I agree with you Jen. I wonder how he would present himself as a candidate in a national election as the R. nominee. How could he moderate his views enough to be a viable candidate?

    This is an exciting election season, and there's no telling what will happen. I recently found out that my state has caucuses--what kind of crazy democratic process is that? I think it will great fun to head over to our local high school with our kids on Super Tuesday and go stand our in candidate's group with our neighbors.
    posted by Blogger Michelle at 1/09/2008 06:50:00 PM  

  • Great topic.
    Jen - do you really think Hilary is a strong woman? I'm surprised that Mitt's view changes seem to bother you so much yet you still like Hilary. I have NO respect for that woman. If someone told her that making out with 10,000 people in Time Square at high noon would get her elected, I think she wouldn't give a second thought to doing it. She has NO principles. None. I can't even stand to look at her. I do hope she gets the nomination only because I think that is the ONLY chance a republican has of getting elected. Nothing will make people get out and vote like the thought of Hilary taking office. Gag.

    Obama has got it going on...in the public speaking department. I love his ideas of cooperation and change, I just don't think he could get any of the things he is talking about done. I don't agree with his view on several issues, but I have decided that I am not going to vote this election based on moral issues at all. A first for me.

    Huckabee is SO creepy. He is also an idiot. He is worse than Bush. How is everyone so dissatisfied with the job Bush is doing and then they go and vote for someone like Huckabee? HOW? He would DESTROY this already broken country. Blech.

    McCain - don't like him at all. I have several reasons I could list, but I think it comes down to I can't stand to listen to him or watch him...he seems SO awkward. I know that is no reason not to vote for someone, but that is what it comes down to for me.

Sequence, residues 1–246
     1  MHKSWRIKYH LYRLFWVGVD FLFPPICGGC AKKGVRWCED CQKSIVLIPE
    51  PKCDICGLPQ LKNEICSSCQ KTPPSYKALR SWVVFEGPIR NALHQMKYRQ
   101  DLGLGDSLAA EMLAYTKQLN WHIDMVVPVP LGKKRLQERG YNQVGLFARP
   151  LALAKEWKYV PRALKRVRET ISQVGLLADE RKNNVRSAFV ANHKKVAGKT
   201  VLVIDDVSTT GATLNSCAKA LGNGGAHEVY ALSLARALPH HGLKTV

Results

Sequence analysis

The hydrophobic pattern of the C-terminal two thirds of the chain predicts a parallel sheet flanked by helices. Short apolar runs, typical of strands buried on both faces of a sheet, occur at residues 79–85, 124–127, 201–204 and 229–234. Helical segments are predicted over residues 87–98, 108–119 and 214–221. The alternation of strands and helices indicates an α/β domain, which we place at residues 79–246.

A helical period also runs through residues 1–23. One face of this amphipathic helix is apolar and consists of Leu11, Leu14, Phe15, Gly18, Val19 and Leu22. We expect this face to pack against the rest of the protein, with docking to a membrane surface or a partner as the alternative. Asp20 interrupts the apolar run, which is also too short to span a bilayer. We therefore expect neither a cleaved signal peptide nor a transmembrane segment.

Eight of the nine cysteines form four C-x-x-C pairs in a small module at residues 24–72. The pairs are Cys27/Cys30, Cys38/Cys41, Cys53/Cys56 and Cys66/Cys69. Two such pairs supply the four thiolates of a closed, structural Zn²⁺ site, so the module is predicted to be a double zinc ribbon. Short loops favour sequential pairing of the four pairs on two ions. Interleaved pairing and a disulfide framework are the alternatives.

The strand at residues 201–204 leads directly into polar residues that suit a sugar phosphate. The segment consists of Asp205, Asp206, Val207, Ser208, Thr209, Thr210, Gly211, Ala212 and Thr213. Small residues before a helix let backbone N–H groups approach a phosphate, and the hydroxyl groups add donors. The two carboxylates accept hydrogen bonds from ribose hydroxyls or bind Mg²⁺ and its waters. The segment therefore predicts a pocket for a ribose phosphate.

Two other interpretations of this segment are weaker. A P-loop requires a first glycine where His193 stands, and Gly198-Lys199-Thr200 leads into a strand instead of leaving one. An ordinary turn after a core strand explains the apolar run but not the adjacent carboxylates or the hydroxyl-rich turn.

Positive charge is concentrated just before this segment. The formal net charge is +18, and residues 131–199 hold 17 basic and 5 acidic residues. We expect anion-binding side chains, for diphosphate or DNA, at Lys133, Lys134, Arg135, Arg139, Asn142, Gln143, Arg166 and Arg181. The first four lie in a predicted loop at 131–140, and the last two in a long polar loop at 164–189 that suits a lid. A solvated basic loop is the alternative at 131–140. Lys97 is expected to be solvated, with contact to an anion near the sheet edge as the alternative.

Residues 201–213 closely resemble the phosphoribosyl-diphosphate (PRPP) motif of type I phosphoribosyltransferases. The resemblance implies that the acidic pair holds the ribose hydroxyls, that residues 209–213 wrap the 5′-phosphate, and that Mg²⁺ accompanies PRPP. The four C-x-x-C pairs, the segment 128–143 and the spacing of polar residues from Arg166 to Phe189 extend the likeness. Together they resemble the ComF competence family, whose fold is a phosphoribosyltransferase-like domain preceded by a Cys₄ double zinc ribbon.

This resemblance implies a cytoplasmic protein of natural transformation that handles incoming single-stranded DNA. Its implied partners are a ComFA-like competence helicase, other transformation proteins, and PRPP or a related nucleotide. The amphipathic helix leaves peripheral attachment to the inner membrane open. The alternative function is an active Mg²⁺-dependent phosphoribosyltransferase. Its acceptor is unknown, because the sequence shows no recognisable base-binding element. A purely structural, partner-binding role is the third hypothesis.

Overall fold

Now for Mitt (is anyone still reading?). I was a strong Mitt supporter in the beginning and then cooled off considerably. Now I am back. Although he has changed some of his views at convenient times I feel that unfortunately that is the only way to get the nomination. It's maddening to think that and a huge turn off to politics, but I really think a politician doesn't have a shot if they don't pander a little and change a few of their views. Look at Ron Paul. The reason I am going to vote for Mitt is that he has been a success in all the areas that I think are important for this specific term. He has great business sense (pretty much he was the mac daddy in the private sector). He has great turn around experience - the Olympics. He has great political experience. I have always been drawn to non-career politicians (I voted for Perot in my 6th grade elections). Once Mitt entered public office he wasn't tainted. He balanced the budget in MA. He got everyone Healthcare. Why aren't these the things people talk about? Why is the fact that he is a Mormon even an issue in this day? Drives me nuts. Mitt is the man for the job. And he does have a prayer. He has the highest number of delegates right now.
    Go Team Mitt!
    posted by Blogger Melissa at 1/09/2008 06:54:00 PM  

  • melissa, please don't hold back, tell us how you really feel... : )

    cheryl, I only stated that about "mormons voting only b/c Mitt is mormon" because growing up I met a lot of mormons who just picked the republican candidate because they were republican...and now to be rep AND mormon is really attractive to potential mormon (rep) voters.

    My experience tells me that when I do meet someone mormon, I immediately feel I have a LOT in common with them, and there is usually a lot of trust that I place in them right away because we have that in common. It seems only natural that republican mormons might put that same trust in a mormon candidate because of that common ground....at least as a starting point anyway.

    When I overhear conversations about Mitt amongst some of my fam members it comes down to mormon offices held and his morals and nothing about his bus. experience or the olympics or anything like that....